In 1913, Greenville, Kentucky’s Otto Rothert gained access to the journal when he wrote about the Weir family in his book A History of Muhlenberg County. He quoted accurately from its pages, with only minor edits for spelling and punctuation. But then along came Robert M. Coates with his 1930 book The Outlaw Years: The History of the Land Pirates of the Natchez Trace. Writing of the notorious Harpe brothers and their criminal exploits in Knoxville, Coates used James Weir as a source for his portrait of the city. In what looked deceptively like a paraphrase of a passage from the journal, Coates declared that Weir saw “men jostling, singing, swearing; women yelling from the doorways; half-naked n—–s playing on their ‘banjies’ while the crowd whooped and danced around them.” Mixing quotation and invention, Coates continued: “The town was confused with a promiscuous throng of every denomination”—blanket-clad Indians, leather-shirted woodsmen, gamblers, hard-eyed and vigilant — “My soul shrank back.”
This embellished version of Weir’s journal, including the sudden appearance of “banjies,” took on a life of its own. The reference was picked up in 1939 by the Federal Writers’ Project in Tennessee: A Guide to the State (where the racial epithet was changed to “Negroes”). It appeared again in Cecelia Conway’s African Banjo Echoes in Appalachia (1995) and in George R. Gibson’s 2001 article “Gourd Banjos: From Africa to the Appalachians.” With the original Weir journal in private hands until only recently, it was perhaps impossible for scholars to locate and check the original; in any event, the colorful prose of Coates, who spent most of his career as a novelist and art critic, must have been too good to overlook. The story of the banjies-that-never-were is a lesson for all historical researchers: whenever possible, go straight to the source. And with James Weir’s journal in our collection, now they can.
Click here for a finding aid to the Weir Family Collection. For more collections, search TopSCHOLAR and KenCat.
On September 22, 1862, President Lincoln placed pen to
paper and wrote the following executive order,
“That on the first day of January, in the year of our Lord one thousand eight hundred and sixty-three, all persons held as slaves within any State or designated part of a State, the people whereof shall then be in rebellion against the United States, shall be then, thenceforward, and forever free.”
As an authoritative wartime measure, the Emancipation Proclamation granted freedom to more than 3.5 million enslaved African Americans who remained under control by the Confederate government in ten southern states—not including the “border states” and those already under Union occupation.
While the proclamation, which was contingent upon a Union victory, may have ignited a firestorm of criticism from white southern sympathizers and praise from anti-abolitionists, its implementation was slow to take root, especially in Texas.
Seceding from the United States on
February 1, 1861, Texas became the fourth state admitted into the Confederacy. Throughout
the course of the Civil War, slaveholders from eastern states, notably Arkansas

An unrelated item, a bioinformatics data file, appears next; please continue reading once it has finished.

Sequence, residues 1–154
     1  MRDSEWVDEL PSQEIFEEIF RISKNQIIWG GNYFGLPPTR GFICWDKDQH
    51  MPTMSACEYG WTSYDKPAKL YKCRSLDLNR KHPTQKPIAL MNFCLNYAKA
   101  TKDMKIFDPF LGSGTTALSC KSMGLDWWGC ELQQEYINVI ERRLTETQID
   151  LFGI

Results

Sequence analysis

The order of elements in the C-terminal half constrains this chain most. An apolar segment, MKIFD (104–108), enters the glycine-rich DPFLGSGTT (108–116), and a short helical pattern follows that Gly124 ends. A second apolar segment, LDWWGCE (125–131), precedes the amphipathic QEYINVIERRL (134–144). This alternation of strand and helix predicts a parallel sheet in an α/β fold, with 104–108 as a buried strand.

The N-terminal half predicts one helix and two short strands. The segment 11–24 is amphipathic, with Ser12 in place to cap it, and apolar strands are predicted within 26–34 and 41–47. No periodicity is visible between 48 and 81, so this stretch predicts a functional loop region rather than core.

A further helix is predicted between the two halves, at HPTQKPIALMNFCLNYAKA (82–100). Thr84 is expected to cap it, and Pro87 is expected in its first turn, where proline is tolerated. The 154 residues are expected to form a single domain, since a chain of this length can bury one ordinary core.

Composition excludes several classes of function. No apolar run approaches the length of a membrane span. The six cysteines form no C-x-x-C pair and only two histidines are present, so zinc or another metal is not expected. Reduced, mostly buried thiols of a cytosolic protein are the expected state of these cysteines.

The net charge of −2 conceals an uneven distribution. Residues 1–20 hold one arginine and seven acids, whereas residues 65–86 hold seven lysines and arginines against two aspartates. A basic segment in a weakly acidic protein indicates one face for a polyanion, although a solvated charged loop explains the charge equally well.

and Louisiana, routinely brought slaves to Texas in order to avoid
emancipation, which significantly increased the number of slaves across the
state. When the Emancipation Proclamation was made official in 1863, however,
it took nearly two and a half years before the order was enforced. While theories
abound in order to explain this severe lag—ranging from murder to deliberate
miscommunication—history itself is quite clear.
On June 19, 1865, Union Army General
Gordon Granger and his troops landed on the beaches of Galveston Island and
declared Texas under federal occupation. Granger read Lincoln’s executive order,
thereby liberating the nearly 250,000 slaves living in Texas. “Juneteenth,”
then, has come to be recognized as the “traditional end of slavery in Texas.” The
day has become established as a state-recognized holiday, while other states
may observe Juneteenth in other forms of ceremonial remembrance. The
underpinnings of Juneteenth rest on the celebration of Black pride, solidarity,
and cultural heritage.
Akin to Juneteenth festivities, the 8th of
August is another emancipation-related holiday observed by African American
communities in both western Kentucky and Tennessee. While the reasons for
celebrating August 8th remain unclear, the lasting impact it has had on the
region is decidedly obvious. Every year, the city of Paducah, Kentucky hosts
its 8th of August Homecoming Emancipation Celebration. The Homecoming seeks to
honor exceptional members of the African American community, both past and
present, through memorial services, picnics, music performances, and church assemblies.
WKU’s Manuscripts and
Folklife Archives contains a collection (FA 635) of
materials gathered together from Paducah’s 2008 8th of August Homecoming
Emancipation Celebration titled “A Journey by Faith.” In his program
introduction, Robert Coleman, President of the W.C. Young Community Center
Board of Directors, writes,
“America’s struggle, rise, and triumph from slavery to equal rights for all is a living testament to the power of deep, personal faith for Americans of all colors. That deep well of faith from the darkest days of slavery sets the African American experience of religion apart.”
The program itself includes articles describing
the accomplishments of distinguished members of the Black community,
advertisements for local businesses and churches, and a schedule of the weekend’s
events. The collection also contains photographs of the celebration, vendor
information, business cards, and two interviews with James Dawson, a member of
the First Liberty Missionary Baptist Church, that were recorded on digital videocassette